A Forced Pause.

Unfortunately I will need to take a bit of time off from this blog. After months of misdiagnoses and a change in GPs, my precious son is in Starship Hospital about to have major surgery. He already has had one invasive procedure and the big one comes tomorrow. It is absolutely heart-breaking to see him asleep on the table surrounded by surgeons and hooked up to tubes. He is in a lot of pain but is trying to be strong even though he, his mom and I are all frightened by what might happen in the worst case. We are doing our best to reassure him but fear sometimes get the better of mum and I.

If you can spare a thought for the Pablo clan, it will be appreciated. We feel that although we have confidence in the medical team at Starship, we need all the help that we can get.


13 thoughts on “A Forced Pause.

  1. Oh Paul, I am so sorry. Shocked. No-one wishes this on anyone. May things go well tomorrow. You have our thoughts and prayers. Take good care. Kia Kaha! Barbara

  2. Paul I am shocked and saddened to hear about your dear son. You are in my
    thoughts and prayers. Stay strong and keep the faith.

  3. I wish you well at this very difficult time for you and your family.
    Hope isn’t a ‘thing’ but sometimes it’s the best that we have

  4. I’ve only just now read this, Pablo. My thoughts are with you all at this terribly stressful time. It’s far easier coping with personal illness than it ever is with a serious illness (or any illness) in one’s children.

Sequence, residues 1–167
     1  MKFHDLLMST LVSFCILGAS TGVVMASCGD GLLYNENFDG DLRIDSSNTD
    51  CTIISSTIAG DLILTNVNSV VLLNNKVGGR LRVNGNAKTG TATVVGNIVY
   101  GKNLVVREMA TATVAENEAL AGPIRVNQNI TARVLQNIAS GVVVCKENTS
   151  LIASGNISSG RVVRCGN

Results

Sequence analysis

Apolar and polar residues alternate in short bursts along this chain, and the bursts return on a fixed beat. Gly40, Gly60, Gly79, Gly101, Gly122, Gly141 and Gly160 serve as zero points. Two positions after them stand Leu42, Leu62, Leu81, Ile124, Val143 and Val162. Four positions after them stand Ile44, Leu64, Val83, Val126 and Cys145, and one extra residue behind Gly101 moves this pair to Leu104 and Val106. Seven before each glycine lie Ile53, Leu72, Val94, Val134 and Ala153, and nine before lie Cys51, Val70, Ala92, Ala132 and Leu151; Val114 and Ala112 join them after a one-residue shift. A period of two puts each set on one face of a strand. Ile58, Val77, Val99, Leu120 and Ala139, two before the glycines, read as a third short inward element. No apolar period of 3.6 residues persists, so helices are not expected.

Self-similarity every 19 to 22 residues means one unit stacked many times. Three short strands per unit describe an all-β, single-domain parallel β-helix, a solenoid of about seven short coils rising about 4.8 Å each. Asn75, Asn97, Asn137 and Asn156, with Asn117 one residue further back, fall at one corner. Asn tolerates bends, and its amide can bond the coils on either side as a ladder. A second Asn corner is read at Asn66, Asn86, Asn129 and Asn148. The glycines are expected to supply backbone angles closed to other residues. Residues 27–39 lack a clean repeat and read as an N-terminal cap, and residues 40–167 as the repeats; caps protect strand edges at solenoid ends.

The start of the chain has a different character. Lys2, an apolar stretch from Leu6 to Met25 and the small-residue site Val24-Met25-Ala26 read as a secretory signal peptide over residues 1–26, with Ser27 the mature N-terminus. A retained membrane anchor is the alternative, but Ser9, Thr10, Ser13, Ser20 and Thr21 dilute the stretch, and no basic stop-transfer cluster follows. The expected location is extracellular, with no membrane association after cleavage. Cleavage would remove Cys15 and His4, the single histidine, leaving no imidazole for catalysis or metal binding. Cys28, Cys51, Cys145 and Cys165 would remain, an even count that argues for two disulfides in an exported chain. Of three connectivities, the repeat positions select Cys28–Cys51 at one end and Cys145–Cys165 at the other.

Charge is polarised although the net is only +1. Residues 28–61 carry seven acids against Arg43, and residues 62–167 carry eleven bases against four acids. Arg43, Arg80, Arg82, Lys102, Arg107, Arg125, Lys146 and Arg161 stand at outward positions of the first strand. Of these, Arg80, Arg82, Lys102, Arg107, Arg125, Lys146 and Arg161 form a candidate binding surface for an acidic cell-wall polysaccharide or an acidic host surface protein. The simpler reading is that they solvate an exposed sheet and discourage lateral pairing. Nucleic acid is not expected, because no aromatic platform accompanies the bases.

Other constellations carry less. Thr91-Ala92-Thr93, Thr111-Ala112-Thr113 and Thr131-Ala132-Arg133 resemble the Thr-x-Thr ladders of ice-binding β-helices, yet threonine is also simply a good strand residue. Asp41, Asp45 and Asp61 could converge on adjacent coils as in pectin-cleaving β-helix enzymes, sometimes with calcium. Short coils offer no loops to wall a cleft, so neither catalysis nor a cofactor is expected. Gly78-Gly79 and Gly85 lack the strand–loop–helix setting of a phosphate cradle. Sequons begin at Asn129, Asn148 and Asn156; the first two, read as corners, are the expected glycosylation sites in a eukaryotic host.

I hope for the very best, positive outcome for him.

    I’ll be thinking of him, and you all.

  5. Thanks everyone, for your support and good wishes. Here is a quick update.

    After a 5+ hour operation involving a team of cardio-thoracic and pediatric surgeons, they removed a lemon sized mass from my sons sternum. It had been pressing on his heart and lungs, which was causing reflected pain in his shoulder (his initial complaint) and eventual and worsening shortness of breath. As it turns out, the pressure and fluid from the mass collapsed his left lung, which is amazing because up until July he was playing soccer, running cross-country and riding his bike. That was part of the reason for repeated misdiagnoses of his ailment by the GPs who originally saw him and why no one ever thought to take a chest X-ray along with the shoulder scans. Thank goodness the new GP saw an anomaly in his blood scan and sent us to Starship immediately, where a chest X-ray confirmed the worst and yet solved the problem of cause. We are grateful to the new GP but feel guilty that we did not read his signs correctly when he started complaining of pain in May. We wound up treating him for the wrong thing until the new GP intervened earlier this month.